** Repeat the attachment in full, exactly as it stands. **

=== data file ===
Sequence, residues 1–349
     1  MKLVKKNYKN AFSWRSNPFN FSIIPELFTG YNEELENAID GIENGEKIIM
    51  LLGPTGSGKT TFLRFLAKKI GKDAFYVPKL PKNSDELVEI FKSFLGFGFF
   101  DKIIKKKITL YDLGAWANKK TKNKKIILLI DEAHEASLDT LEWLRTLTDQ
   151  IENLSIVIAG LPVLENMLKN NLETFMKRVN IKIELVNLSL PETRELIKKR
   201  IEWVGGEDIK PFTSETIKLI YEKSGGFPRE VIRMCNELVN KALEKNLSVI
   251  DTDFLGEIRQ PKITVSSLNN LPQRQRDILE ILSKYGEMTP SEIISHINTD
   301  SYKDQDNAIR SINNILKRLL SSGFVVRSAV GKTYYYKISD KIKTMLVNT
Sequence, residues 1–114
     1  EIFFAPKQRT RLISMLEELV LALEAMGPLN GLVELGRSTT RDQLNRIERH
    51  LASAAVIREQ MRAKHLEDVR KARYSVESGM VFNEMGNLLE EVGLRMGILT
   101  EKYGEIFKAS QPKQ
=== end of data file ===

Sequence, residues 1–349
     1  MKLVKKNYKN AFSWRSNPFN FSIIPELFTG YNEELENAID GIENGEKIIM
    51  LLGPTGSGKT TFLRFLAKKI GKDAFYVPKL PKNSDELVEI FKSFLGFGFF
   101  DKIIKKKITL YDLGAWANKK TKNKKIILLI DEAHEASLDT LEWLRTLTDQ
   151  IENLSIVIAG LPVLENMLKN NLETFMKRVN IKIELVNLSL PETRELIKKR
   201  IEWVGGEDIK PFTSETIKLI YEKSGGFPRE VIRMCNELVN KALEKNLSVI
   251  DTDFLGEIRQ PKITVSSLNN LPQRQRDILE ILSKYGEMTP SEIISHINTD
   301  SYKDQDNAIR SINNILKRLL SSGFVVRSAV GKTYYYKISD KIKTMLVNT
Sequence, residues 1–114
     1  EIFFAPKQRT RLISMLEELV LALEAMGPLN GLVELGRSTT RDQLNRIERH
    51  LASAAVIREQ MRAKHLEDVR KARYSVESGM VFNEMGNLLE EVGLRMGILT
   101  EKYGEIFKAS QPKQ